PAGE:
12 Hours of Sebring 2014
Apparently, there is a saying that the 12 Hours of Sebring is longer than the 24 Hours of Daytona. Having watched this year’s Sebring race, I get it.
This year’s race holds the dubious distinction of eleven full course cautions. ELEVEN. As a frame of reference, last year’s had FOUR. This year, there were a bunch of rookies, or drivers acting liking rookies, spinning off course then pulling back on in front of other drivers, and other such tomfoolery that was completely avoidable and left both the other drivers and the commentators shaking their heads. To quote Achmed the Dead Terrorist, “There were flying car parts…” For several hours there, it was not pretty.
Things finally got into a groove, and we saw an hour or more go by under the green flag. Still, an SRT Viper went up in flames, at least one driver puked in the car, and a few others were carted off with dehydration. This is real racing, baby!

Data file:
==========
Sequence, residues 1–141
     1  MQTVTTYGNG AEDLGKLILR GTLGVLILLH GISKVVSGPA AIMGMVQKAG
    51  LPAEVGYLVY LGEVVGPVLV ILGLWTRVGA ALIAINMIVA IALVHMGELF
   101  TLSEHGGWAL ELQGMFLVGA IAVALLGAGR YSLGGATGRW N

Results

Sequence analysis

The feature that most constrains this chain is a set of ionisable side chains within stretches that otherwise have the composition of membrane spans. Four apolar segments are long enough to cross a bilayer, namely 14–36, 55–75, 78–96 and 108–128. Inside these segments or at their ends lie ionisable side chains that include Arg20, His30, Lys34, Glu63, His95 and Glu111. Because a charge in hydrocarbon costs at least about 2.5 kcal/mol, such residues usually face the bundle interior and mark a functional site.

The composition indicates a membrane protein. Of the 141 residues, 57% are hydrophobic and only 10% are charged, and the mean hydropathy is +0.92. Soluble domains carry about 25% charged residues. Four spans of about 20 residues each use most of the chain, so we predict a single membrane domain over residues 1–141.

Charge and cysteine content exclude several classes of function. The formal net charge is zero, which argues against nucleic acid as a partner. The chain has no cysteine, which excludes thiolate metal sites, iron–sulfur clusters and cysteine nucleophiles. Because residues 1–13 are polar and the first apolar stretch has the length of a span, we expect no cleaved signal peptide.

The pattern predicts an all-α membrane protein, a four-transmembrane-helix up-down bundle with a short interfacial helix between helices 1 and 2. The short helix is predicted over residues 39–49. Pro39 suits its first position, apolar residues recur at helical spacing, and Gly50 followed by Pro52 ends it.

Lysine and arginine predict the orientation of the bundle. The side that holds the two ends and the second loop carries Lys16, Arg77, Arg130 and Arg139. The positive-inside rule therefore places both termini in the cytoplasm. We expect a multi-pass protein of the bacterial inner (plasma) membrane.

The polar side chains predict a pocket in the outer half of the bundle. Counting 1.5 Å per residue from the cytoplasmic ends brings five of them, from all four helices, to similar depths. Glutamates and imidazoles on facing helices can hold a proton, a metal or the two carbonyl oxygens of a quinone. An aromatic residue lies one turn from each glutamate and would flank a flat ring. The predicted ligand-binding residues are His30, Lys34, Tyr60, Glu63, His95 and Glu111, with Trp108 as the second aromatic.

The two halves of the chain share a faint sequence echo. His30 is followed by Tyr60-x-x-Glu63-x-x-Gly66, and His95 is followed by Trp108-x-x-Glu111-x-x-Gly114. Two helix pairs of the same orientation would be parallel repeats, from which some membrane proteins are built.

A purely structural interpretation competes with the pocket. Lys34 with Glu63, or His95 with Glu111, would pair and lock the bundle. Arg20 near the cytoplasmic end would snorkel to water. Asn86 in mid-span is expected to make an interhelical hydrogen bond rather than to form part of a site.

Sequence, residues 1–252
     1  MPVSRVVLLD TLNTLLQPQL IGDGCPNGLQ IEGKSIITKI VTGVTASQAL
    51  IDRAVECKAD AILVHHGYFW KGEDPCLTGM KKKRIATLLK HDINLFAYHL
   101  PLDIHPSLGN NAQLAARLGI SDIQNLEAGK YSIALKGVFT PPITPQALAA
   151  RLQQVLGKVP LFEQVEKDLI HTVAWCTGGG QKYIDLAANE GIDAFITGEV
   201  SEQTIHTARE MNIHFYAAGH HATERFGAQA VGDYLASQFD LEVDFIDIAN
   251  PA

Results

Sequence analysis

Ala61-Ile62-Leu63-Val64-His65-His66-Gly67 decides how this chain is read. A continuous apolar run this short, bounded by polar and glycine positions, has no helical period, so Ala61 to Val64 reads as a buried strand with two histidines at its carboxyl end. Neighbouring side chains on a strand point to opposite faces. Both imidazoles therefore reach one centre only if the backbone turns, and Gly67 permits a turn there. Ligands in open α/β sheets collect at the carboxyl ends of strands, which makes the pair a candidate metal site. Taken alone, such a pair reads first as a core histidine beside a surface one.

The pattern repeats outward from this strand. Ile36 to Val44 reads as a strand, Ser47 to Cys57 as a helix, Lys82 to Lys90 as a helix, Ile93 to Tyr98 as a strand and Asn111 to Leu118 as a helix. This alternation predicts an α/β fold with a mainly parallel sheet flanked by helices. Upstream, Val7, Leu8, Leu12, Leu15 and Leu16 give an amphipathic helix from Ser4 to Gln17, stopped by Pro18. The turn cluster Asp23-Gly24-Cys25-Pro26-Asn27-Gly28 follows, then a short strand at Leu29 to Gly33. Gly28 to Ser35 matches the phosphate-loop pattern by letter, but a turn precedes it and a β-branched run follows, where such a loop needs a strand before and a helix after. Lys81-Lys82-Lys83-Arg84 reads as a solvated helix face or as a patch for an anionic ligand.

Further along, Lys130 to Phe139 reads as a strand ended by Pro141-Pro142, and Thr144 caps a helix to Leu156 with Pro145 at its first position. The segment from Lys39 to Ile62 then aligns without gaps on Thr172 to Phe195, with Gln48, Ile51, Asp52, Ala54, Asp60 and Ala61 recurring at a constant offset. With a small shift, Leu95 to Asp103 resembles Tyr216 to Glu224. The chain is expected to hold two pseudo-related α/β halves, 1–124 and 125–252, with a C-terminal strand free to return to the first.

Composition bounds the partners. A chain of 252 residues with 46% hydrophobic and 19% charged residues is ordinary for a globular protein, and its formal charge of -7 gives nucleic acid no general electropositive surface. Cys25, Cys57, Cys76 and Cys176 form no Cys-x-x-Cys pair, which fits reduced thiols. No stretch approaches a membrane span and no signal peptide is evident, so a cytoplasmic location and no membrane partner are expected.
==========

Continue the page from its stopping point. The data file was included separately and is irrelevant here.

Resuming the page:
Illustrating how yellow flags can make all the difference, a final full course caution in the last half hour gave Marino Franchitti (brother of Dario) the opportunity to get a jump on the others when the flag went green, and he and his Chip Ganassi Racing team (including co-drivers Scott Pruett and Memo Rojas) took the checkered, winning overall and the P (Prototype) class. Porsche teams won both the GT Le Mans and GT Daytona classes, and one of the CORE Autosport teams won the PC class.
Interestingly, two penalties were handed out to the wrong teams, which can have a devastating impact, given how much each tenth of a second can count. Hopefully, IMSA officials will examine the incidents closely and figure out how to prevent them from happening in the future.
Sebring had it all – stupid drivers, fabulous drivers, massive crashes, fires, a beautiful sunset, edge-of-your-seat racing. It sums up what makes us racing fans both shake our heads and be unable to turn those heads away. In other words, it was real racing.
Hopefully next year there won’t be quite so many rookies (or wannabe rookies).